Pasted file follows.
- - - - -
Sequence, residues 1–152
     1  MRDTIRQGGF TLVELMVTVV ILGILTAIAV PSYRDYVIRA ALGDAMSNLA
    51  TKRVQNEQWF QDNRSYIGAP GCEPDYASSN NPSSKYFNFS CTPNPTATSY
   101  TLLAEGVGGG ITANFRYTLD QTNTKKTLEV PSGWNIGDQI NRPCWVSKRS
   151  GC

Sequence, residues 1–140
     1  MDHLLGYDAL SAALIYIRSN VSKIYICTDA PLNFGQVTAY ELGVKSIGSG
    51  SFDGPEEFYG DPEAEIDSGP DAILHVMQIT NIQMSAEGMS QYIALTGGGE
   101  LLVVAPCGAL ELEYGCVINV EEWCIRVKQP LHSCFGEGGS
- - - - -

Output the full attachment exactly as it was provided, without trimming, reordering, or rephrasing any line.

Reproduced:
Sequence, residues 1–152
     1  MRDTIRQGGF TLVELMVTVV ILGILTAIAV PSYRDYVIRA ALGDAMSNLA
    51  TKRVQNEQWF QDNRSYIGAP GCEPDYASSN NPSSKYFNFS CTPNPTATSY
   101  TLLAEGVGGG ITANFRYTLD QTNTKKTLEV PSGWNIGDQI NRPCWVSKRS
   151  GC

Sequence, residues 1–140
     1  MDHLLGYDAL SAALIYIRSN VSKIYICTDA PLNFGQVTAY ELGVKSIGSG
    51  SFDGPEEFYG DPEAEIDSGP DAILHVMQIT NIQMSAEGMS QYIALTGGGE
   101  LLVVAPCGAL ELEYGCVINV EEWCIRVKQP LHSCFGEGGS